RH:     I mean based on what we’re seeing today, we had instances of police brutality years ago, back in the 50s and 60s. We did not have pictures and videos. So, it was your word against ours. And they were agents of the courts, and after all they were white. So, all of those complaints were dismissed. It didn’t make a difference what you said. This did not happen. As you see what’s happening in the news today, very little has changed from years ago. All of that is the same. But now, because of video cameras, pictures and telephones, people are beginning to capture some of those images.

KG:     What do you think people can do today other than take pictures and videos?

RH:     First of all, the civil rights movement does not change. It is a marathon in the ongoing journey. You have to do whatever you can, organized or not.

KG:     Do you think people believed the civil rights movement was over?

RH:     Sure. Because when the Voting Rights Act of 1965 passed and the Civil Rights Act of ’68 passed. Aha! You know? We can sit back and rest. And then here comes Nixon and the Southern Strategy after Goldwater.

KG:     So what do we do?

RH:     That’s always a question. What do we do to fight?

KG:     Right. Especially, when it seems nothing’s going to happen.

RH:     If you feel like nothing is going to happen, and to get real philosophical, it’s just like living life…

KG:     Then you’re already defeated?

RH:     Yeah. If everything’s so ordinary, nothing’s going to happen to me, then why live? The struggle and the fight are so simple. Basically, you’re saying I want the same thing you promised in the Constitution and the Declaration of Independence. Why is it that I have to deal with all of these things based on the hue of my skin?

liberty-bell-1442648_1280

One of the first things I’m in favor of doing is called telling the history right and the inclusion of black people in history. When you pick up a history textbook and you cannot read about any of the contributions any of your ancestors made, the playing field is not even. Yet, I can pick up a history book and read about the contributions of white Americans and Europeans.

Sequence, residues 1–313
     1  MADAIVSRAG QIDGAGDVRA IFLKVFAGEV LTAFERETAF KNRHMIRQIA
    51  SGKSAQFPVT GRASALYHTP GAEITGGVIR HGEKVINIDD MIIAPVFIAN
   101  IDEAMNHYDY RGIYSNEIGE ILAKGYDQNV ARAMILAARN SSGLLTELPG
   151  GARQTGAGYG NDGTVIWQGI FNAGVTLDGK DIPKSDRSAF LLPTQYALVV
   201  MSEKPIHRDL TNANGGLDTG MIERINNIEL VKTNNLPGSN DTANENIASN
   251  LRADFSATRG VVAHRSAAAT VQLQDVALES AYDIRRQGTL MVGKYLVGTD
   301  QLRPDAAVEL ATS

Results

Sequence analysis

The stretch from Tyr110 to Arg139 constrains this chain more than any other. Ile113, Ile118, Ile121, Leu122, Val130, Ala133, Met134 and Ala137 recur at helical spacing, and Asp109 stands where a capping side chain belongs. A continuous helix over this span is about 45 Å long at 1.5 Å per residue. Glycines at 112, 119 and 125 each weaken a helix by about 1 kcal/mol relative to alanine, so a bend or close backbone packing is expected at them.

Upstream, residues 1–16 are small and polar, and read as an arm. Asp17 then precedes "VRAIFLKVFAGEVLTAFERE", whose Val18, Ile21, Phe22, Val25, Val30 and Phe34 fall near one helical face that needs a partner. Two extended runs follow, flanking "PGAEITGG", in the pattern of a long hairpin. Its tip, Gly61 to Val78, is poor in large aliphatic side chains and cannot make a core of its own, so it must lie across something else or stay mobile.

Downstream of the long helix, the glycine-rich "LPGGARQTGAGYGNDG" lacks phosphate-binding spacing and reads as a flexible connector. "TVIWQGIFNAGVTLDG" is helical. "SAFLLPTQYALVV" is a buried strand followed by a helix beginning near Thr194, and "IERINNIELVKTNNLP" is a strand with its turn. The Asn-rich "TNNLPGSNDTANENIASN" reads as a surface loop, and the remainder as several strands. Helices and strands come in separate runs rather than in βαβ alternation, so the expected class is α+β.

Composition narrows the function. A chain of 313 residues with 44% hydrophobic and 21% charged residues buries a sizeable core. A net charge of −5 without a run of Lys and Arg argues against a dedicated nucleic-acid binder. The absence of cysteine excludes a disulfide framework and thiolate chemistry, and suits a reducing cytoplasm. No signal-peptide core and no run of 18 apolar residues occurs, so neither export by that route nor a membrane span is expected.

KG:     That’s a good point, but today, teachers have set textbooks and they’re dealing with almost zero autonomy. They have to be careful about what they teach, what they say, and how they say it. What would you say to them?

RH:     The question then is, if you don’t teach American history and include the contributions I made, then why should I be interested in American history?

KG:     Do you think it’s a matter of being more courageous?

RH:     It was then. Today, it’s just a matter of teaching the truth.

KG:     Do you think educators have to be courageous to teach the truth?

RH:     Maybe, if teaching the truth requires courage. If you feel inhibited and afraid to teach the truth, then yeah it takes courage. But when you don’t teach the truth, then how can you teach an honest American history? So if teaching dishonest American history is okay, and you can teach it with no pushback, then what happens to your integrity as a teacher when you know what you’re teaching is dishonest and incomplete?

KG:     What about non-teachers? What can they do?

black_powerRH:     Sometimes you have to find out what works for you. A lot of my friends joined the youth council because everyone knew membership lists were not public. Many of them wanted to sit in, but their parents wouldn’t allow it. They did other things. They did not shop downtown.

KG:     Okay. So they still protested in a way?

RH:     Yes. Another example is a good friend of mine who’s a Quaker. To this day she does not eat table grapes because of Cesar Chavez and does not drink Coke products because Coke used to support the apartheid regime of South Africa. And that’s what she did, small things.

KG:     Even to this day, she does those things?

RH:     To this day…

KG:     I appreciate you taking the time to talk to me. Is there anything else you’d like to add?

RH:     You know I hear a lot of people say, “Where are the Martin Luther Kings?” You are the Martin Luther King. You know? Don’t wait for someone to pick up and lead you.